Fifth Town Artisan Cheese Co, a certified Good Food Fighter
“I can’t believe the cheese so mouldy!” is the kind of comment often overheard in the aging cave during our Cheesemaker for a Day program. Participants range from all-the-way cheese nerds to your run-of-the-mill birthday gift recipient. Their level of familiarity with the end product doesn’t seem to change the response. It’s a bit of a shock to see that much unpackaged cheese, growing that much mould, all in one place. By the time our Cheesemakers for a Day leave the factory, they’re mostly exhausted, always happy, and a little more mould-curious than when they first arrived.
Mould curiosity is one of the 10 sure signs of cheese nerd-ery. However, these people are still a rare breed in Ontario. Even though it’s an essential skill for cheese appreciation, akin to the swirl, sniff and swish of wine tasting, generations of sanitized North Americans are still squeamish about any ingestible that appears less than immaculate.
Mould has made some gentle in-roads via those delicately veined blue cheeses and pure white bloomy rind camembert’s, but that’s a far cry from the stinky, sticky, oozey cheeses with more colours on their rind than you can shake a stick at. Not surprisingly, mould misconceptions can leave the fledgling artisan cheese lover with cold feet.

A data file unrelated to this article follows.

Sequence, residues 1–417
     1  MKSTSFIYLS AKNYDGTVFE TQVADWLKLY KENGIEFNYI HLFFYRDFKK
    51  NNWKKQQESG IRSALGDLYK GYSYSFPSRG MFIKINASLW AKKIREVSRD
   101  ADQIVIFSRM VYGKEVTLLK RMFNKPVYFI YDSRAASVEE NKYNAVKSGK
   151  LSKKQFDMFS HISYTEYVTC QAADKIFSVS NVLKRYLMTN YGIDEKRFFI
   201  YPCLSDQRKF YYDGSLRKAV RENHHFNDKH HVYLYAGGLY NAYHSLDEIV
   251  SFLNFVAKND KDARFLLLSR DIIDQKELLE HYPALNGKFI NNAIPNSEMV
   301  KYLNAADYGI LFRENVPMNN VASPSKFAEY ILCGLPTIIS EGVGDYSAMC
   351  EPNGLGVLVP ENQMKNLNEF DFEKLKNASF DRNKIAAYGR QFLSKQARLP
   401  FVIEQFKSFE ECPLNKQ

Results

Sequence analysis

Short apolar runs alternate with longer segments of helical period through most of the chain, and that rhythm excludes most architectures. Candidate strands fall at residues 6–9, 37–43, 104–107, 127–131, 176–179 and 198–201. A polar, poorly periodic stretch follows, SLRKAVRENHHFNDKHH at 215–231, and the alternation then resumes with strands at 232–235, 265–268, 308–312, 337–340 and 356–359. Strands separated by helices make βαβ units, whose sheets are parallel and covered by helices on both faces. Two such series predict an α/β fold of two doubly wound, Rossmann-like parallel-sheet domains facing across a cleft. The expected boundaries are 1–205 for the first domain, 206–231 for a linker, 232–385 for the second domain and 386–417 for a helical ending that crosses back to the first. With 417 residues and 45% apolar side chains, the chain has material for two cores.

So how do you know where to start exploring the world or mould while staying safe? Lucky for you, we’ve put together some basic tips to get you started.
The very basics:
- If a cheese has a rind, and if that rind is edible, it’s made of mould.
- Mould is essential to the flavour of many soft, hard, and semi-hard cheeses.
- Mould can be any number of healthy happy colours, but if your cheese is growing black mould, we don’t recommend eat it unless you know that to be a characteristic of the cheese.
- Bring your nose to the game. Good cheese can smell strong, pungent, or even unpleasant, but it shouldn’t smell rancid. When in doubt, use the best before date as a guide.
Hard and Semi-Hard Cheeses:
Hard cheese are aged for long periods of time and, unless coated in wax or vacuum sealed, develop a mould rind around them that shapes the flavour of the cheese. Mould on hard and semi-hard cheeses often becomes quite thick while they are aging and is brushed off right before packaging. Depending on how long you store your cheese, you can expect it to start growing mould again. If you’re not psyched on the particular mould your cheese is growing (a function of the mould already present on the rind and in your fridge) you can simply cut it off. By the time you purchase it, hard cheese is dense enough for undesirable moulds to remain in the surface of the cheese without penetrating the paste.
Soft and Fresh Cheeses:
Fresh cheeses should not have any mould on them, but soft cheeses may. Many cheese connoisseurs consider the best before date on a soft cheese to indicate the date it’s flavours are most mature (and yummy). This means that a mouldy, oozey soft cheese might actually be at its prime. Keep in mind that, unlike hard cheese, the moisture content and density of both fresh and soft cheeses allows for bacteria to penetrate through quite quickly, so approach any best before experimentation with caution.
Fifth Town Artisan Cheese is located at 4309 County Road 8 in Picton Ontario
613 476 5755